How do agencies such as Wasserman keep ahead of the curve with so many other big players in the industry and a crowded market?

We try to stay true to our purpose and mission and regularly make sure we remain aligned with it. If we are doing that, pushing to be agents of change and good, and doing it the right way and for the right reasons, and it makes us stand out…then great.

If it doesn’t make us stand out to some companies or organizations, that’s okay…we’re going to do it anyway.

That sentiment might go against the grain, but our industry is such that you cannot work with every brand or organization. So, we might as well work with the ones that resonate with our purpose and have the same values. And from that alignment will come great work.

What unique strategies or approaches do you employ to attract top clients/talent in a highly competitive market?

We should always remind ourselves what the very essence of sports is. It plays a role in our world that is similar to art, music, and film. It is a place where people come together, to form communities, and create identity. It is an opportunity to be a part of something. To be entertained. To be mesmerized. To believe in the idea of what’s possible. It's why people love the idea of the next up-and-coming superstar. The hype around Victor Wembanyama before he even joined the NBA is a testament to that.

I don’t know if it’s unique, but the global and impactful platform that sports provides, and the opportunity it creates to reach and impact people in mass and also at an individual level, underpins everything we do.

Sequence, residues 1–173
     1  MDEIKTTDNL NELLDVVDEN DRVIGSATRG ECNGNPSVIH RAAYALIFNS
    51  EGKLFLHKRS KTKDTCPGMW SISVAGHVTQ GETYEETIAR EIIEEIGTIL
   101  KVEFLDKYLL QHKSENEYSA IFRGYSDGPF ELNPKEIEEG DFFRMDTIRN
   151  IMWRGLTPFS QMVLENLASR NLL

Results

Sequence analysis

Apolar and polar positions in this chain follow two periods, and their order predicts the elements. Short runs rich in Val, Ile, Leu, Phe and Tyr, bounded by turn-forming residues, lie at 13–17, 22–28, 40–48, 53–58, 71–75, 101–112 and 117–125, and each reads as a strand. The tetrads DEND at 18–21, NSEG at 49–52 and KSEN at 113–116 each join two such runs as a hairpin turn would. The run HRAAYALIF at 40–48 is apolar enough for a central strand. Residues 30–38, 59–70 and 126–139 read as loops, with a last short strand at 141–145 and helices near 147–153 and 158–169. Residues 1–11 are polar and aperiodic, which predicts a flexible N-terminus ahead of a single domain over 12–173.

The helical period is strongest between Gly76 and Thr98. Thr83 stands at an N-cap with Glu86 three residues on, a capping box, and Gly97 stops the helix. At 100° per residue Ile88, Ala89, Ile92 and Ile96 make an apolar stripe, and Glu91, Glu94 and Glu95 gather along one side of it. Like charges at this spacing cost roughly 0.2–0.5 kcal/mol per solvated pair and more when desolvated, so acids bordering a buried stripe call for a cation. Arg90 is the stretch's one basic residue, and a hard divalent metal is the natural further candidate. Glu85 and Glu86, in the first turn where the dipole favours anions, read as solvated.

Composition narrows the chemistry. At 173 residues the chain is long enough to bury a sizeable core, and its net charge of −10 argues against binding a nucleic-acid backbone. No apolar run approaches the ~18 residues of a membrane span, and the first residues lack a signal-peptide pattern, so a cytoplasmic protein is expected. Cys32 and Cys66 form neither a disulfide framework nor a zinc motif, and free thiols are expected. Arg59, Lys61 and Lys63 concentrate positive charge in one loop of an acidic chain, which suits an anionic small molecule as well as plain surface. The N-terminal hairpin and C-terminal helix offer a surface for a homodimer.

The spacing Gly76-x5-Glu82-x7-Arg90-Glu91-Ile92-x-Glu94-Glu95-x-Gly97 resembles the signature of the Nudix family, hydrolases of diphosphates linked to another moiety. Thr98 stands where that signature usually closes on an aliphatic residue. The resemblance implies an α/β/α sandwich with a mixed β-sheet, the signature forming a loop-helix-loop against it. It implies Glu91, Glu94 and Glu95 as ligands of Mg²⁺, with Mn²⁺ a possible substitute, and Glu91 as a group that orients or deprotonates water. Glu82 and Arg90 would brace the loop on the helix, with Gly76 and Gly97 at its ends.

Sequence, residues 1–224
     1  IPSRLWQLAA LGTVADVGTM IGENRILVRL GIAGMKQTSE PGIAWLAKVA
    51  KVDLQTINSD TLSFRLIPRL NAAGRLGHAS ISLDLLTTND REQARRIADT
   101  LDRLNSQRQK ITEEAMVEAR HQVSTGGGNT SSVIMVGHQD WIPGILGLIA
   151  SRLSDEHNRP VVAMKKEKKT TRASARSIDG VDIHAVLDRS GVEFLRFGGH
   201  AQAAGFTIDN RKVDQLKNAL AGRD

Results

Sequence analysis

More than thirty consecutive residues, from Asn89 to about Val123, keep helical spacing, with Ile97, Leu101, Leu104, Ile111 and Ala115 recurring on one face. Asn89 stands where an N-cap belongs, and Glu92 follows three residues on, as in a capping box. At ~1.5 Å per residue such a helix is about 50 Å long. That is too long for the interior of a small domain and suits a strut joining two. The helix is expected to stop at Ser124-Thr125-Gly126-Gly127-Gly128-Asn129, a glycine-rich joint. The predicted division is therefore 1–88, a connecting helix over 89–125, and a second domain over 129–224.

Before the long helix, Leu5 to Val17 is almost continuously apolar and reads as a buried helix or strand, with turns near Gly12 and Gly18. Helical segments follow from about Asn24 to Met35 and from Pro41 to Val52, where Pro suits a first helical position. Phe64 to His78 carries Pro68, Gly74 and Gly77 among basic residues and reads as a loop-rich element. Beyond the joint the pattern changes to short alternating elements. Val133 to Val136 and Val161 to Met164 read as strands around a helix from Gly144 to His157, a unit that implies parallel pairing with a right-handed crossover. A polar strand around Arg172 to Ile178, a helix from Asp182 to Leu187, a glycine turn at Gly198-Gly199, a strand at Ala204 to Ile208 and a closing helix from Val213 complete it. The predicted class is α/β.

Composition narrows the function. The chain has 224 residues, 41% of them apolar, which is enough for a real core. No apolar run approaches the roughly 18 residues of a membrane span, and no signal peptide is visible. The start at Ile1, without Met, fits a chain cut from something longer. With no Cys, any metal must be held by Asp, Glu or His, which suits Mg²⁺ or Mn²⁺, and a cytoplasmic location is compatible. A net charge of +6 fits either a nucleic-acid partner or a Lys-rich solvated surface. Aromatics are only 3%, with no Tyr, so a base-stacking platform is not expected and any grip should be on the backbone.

How do you handle the increased demand for personalized and tailored services in the sports agency market, given the diversity of needs of clients?

Our goal is to provide the broadest set of people, backgrounds, expertise, experiences, diversity, and skillsets to be able to deliver a custom set of services that are tailored to a particular organization or brand depending on what their needs are at that moment.

But “how” we handle the increase is secondary to the “why”. We do what we do, for our clients and partners. And the images and messages we create on their behalf, reach fans, customers, and communities around the world…and have the power to shape our culture. Therefore, it’s important that is not lost in our daily work.

In terms of trends, where do you see sports requiring agency assistance – sponsorship, rights negotiations, branding, athlete representation?

We are seeing more sports organizations turn to agencies to help identify, develop, and communicate the amazing stories that sit (and sometimes fall) between the cracks. Beyond the competition that happens on the field, pitch, or court, are stories of hope, triumph, and overcoming.

There are diverse faces, voices, and backgrounds whose stories are important. And there are stories that inspire and push us to the limit of human capacity. As agents of growth and innovation and change and good, we are humbled to assist in the telling of these stories, whenever asked.